Language Sensei

Thoughts on The Journey of Teaching Languages

Thoughts on Maintaining a Successful Language Program…

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*First a disclaimer. I teach in Canada, an officially bilingual country with an institutionalized requirement of more than 1 language for success in many areas of work. This is also reflected in our 4 year universities that require language to the Gr 11 level (2-3 semesters) for direct entrance. 

There has been a lot of consternation in the language teaching community in BC – especially for teachers of languages currently not as ‘in vogue’ as they were. My Japanese program continues to hold its numbers and recently I was asked to reflect on why that might be.  I have thought a lot about that and what I do…here’s a few of those thoughts…

Grade 8 Walkabout Presentation: We, as a department, address incoming Grade 8’s prior to coming to the school. We emphasize that a language to the Gr. 11 level is needed for direct university entrance .  We stress that universities are looking for students with ‘soft skills’ like language that show their ability to communicate and interact with others. Our Spanish teacher also stands up and states that Spanish is not the easiest language and she doesn’t want kids in her class who are only there because they think that! We say over and over to take the language that they are interested in – we don’t care which one – just take one.

Communicative Purposeful Focus: In my Japanese classes we are moving to course grading with 50% on oral/listening work. I have shifted almost all of our orals at the Grade 11 and 12 level to be peer to peer ones that focus on a final unit task. We don’t do skits or plays. This means that students must talk to each other to achieve their goal. In Grade 12 we do a murder mystery, debate, taste tests, a miracle product sell, a travel fair and a self-produced drama episode. In Grade 11 we do a school fair, a directions unit, job search skills etc. All interaction in the oral is in Japanese, all written notes are in English. After the oral we tend to use the information gathered in the written unit tests.   Classes are fast paced (we have 65 min classes) and students do a lot of work with their partners. They do a lot of guessing, communication gaps etc.  They do a lot of self-evaluation – I don’t do a lot of critical one on one orals with me esp. in the upper grades. As I have written about before, our text stories also involve recap activities – ones in which students either discuss or prepare a product based on their reading.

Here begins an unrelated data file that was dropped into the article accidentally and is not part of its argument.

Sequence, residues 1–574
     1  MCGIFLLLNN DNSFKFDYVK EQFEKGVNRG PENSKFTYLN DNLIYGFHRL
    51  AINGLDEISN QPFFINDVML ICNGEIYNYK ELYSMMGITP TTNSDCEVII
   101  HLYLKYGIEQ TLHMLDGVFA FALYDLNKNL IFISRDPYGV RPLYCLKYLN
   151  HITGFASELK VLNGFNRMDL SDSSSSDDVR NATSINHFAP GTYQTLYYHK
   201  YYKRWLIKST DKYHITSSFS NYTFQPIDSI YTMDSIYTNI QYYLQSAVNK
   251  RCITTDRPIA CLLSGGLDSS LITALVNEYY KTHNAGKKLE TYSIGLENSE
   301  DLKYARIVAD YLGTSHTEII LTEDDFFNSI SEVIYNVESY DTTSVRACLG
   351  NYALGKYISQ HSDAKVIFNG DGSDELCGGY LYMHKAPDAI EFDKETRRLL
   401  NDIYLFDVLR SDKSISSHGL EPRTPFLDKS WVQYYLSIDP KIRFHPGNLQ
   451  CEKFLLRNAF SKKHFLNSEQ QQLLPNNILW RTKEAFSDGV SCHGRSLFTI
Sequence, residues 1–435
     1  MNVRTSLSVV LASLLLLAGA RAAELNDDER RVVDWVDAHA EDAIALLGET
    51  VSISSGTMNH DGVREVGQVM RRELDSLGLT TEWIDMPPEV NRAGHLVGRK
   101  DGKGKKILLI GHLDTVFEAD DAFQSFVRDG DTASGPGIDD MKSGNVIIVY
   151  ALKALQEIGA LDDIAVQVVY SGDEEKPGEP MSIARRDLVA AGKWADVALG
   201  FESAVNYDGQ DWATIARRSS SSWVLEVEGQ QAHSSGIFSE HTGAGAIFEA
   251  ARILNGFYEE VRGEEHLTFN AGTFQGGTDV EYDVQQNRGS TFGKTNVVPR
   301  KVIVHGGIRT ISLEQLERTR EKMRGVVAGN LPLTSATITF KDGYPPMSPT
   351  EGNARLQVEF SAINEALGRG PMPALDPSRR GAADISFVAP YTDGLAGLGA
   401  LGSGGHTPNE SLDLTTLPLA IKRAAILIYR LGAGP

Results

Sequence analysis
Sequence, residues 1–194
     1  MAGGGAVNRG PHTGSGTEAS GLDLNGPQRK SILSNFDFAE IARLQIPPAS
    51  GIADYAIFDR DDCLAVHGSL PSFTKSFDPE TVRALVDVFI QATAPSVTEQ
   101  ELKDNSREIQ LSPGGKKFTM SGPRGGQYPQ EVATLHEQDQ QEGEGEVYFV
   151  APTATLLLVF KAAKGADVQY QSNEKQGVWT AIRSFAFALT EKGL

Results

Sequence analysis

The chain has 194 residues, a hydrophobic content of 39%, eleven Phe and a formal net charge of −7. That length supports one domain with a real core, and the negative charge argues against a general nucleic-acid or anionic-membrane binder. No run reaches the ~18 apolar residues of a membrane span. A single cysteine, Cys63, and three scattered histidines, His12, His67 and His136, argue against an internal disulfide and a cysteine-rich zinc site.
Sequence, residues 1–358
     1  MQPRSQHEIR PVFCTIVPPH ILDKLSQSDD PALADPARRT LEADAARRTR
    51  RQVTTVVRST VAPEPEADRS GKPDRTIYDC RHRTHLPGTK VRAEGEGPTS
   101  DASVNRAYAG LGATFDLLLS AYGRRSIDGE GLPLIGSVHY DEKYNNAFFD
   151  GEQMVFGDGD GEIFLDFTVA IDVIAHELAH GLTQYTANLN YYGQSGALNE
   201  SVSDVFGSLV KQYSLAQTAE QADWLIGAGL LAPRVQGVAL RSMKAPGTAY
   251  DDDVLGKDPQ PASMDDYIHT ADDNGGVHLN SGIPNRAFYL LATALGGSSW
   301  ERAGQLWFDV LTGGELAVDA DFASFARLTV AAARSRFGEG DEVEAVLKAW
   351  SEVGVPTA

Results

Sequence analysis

Focus on Study Skills/Out of Class support: I work a lot with the students on how to study for a language. I feel that I have to retain my students once I get them. They know that they are to study for the type of test that they are having and extra practice for listening, reading or writing will be posted on my site. A video review of key chapter points is on my YouTube channel for each chapter/unit. Vocabulary for each unit is on Quizlet.com. Students know where and how to access this and rely on it to assist them out of class.

Technology: I am trying to incorporate more technology in my teaching but I am also giving more options to kids on how to do projects. Curiously I am usually the one to introduce a new tool to them! For any assignment they also have a variety of ways to deliver material and I think that keeps them interested.

Minimual “Direct Culture” focus: I don’t believe a lot in ‘teaching culture’ so a lot of what they learn is indirectly through the language but I do highlight one topic in each grade. I don’t show many movies – mostly they can get those on their own. We do have an area of for each grade. In Gr. 10 it is the Samurai, in Grade 11 it involves a unit on Sumo & one on creating Haiku and in Grade 12 we watch an 11-part  high school drama (subtitled). That’s it.

It takes work to ‘sell’ your program and sometimes its downright exhausting but, for me, the reward continues to be worth it!

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